Simplest Sauerkraut


This really is the simplest sauerkraut recipe I have ever seen. I adapted it from Sally Fallon’s Nourishing Traditions cookbook and all you need are two ingredients. Once you try it and see how easy it is, the process of fermentation seems much less intimidating. You can make this in about 15 minutes and it is ready to eat in as little as three days (though the longer it ages the better). All you need is cabbage, sea salt, a mixing bowl and a mason jar and you can create and witness the process of fermentation.

So, what is fermentation? The type I am referring to here is essentially the process of preserving vegetables without freezers or canning machines. After adding salt to the vegetables and pounding and massaging to release their juices, lactic acid — which is naturally occurring in vegetables — acts as a preservative while the salt protects against harmful bacteria. This allows Lactobacilli to proliferate. Lactobacilli are a great source of naturally occurring probiotics (that are now bottled, encapsulated and sold at high prices — make your own!) that aide in digestion and promote the growth of good bacteria in the digestive tract.

It is important to use organic vegetables, sea salt and filtered water so that the Lactobacilli have plenty of the nutrients they need to grow. Generally, room temperature (around 72 degrees) is all that is needed for the bacteria to proliferate — this usually takes about three days. If your kitchen is colder it may take several days longer, if it is much warmer, it may take less time. This recipe works for me when I leave it on the counter for three days and then transfer it to the refrigerator. I have eaten it right away and it is delicious, though the experts say that six months is needed for sauerkraut to truly mature — mine have never made it nearly that long.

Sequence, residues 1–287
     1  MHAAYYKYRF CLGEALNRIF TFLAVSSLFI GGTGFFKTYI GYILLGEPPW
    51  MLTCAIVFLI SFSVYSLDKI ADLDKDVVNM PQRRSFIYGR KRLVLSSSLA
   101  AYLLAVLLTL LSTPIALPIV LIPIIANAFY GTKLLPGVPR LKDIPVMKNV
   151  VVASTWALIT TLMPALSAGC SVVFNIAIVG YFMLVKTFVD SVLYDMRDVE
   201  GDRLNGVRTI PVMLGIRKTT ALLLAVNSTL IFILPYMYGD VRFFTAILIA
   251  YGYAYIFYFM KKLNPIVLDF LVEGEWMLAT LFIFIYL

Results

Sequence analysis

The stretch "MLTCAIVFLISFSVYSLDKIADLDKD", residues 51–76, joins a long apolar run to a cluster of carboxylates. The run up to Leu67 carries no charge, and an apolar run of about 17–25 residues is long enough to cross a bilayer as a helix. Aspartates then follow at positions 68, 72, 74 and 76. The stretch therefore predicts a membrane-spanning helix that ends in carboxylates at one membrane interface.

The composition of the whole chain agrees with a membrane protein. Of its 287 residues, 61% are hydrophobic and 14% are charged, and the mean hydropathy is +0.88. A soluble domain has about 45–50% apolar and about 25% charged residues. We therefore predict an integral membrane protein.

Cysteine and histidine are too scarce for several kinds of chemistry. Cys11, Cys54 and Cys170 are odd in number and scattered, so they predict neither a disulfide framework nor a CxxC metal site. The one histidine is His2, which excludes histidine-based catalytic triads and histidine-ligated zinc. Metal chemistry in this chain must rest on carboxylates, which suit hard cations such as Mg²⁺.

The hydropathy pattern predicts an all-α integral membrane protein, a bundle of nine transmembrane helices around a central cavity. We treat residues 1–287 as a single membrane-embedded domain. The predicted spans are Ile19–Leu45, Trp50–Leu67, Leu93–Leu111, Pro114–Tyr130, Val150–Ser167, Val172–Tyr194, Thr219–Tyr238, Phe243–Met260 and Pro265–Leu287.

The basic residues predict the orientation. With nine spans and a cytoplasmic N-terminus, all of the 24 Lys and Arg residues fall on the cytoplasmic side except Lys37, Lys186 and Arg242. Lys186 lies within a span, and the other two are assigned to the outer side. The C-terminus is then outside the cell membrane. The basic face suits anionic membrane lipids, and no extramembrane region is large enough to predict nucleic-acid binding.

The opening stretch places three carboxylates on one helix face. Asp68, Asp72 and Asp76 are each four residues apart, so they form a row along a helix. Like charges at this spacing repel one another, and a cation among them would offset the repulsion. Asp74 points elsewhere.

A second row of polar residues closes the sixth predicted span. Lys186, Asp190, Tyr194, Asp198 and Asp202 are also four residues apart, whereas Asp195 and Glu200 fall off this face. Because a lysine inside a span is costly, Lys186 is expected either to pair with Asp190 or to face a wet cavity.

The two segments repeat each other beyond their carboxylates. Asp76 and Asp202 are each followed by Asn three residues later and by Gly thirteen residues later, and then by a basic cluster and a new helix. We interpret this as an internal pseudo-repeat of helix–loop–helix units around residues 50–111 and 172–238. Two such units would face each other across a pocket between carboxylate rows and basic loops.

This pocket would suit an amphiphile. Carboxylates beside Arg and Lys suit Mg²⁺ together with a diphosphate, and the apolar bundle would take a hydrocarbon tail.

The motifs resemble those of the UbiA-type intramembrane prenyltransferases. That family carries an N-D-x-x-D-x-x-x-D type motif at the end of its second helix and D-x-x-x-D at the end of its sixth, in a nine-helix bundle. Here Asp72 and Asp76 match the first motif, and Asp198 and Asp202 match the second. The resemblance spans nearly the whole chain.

Traditionally, people have eaten lacto-fermented foods as condiments to their meals, which helps aide in digestion — in modern culture this has largely been abandoned. Even store-bought sauerkraut is pasteurized thus killing all the beneficial bacteria that were originally there. Digestive problems are so prevalent in American culture and are often at the root of chronic diseases and conditions. Reintroducing lacto-fermented foods into our diets is a great, easy and affordable way to enhance the health of our intestinal tract and our overall health.

Simplest Sauerkraut Adapted from Nourishing Traditions

Makes 1 quart

1 medium cabbage, cored and shredded or chopped into bite sized pieces 2 Tbl Sea salt

Place the cabbage in a large bowl with the salt. Massage and squeeze cabbage with your hands or pound it with a wooden pounder for five to ten minutes to release the juices. Place in a quart-sized, wide-mouthed mason jar and press down firmly with the pounder until the juices come to the top of the cabbage. The top of the cabbage should be at least 1 inch below the top of the jar (important!). Cover tightly and keep at room temperature for 3 days, then transfer to cold storage. The sauerkraut may be eaten immediately but improves with age.

*Please be aware that when you open the jar after it has been fermenting for three days, there will be pressure and some of the juices may burst out. It is best to open it slowly over the sink, I learned the hard way!

I have included a series of picture because it’s fun to watch the process! Kids will love it too!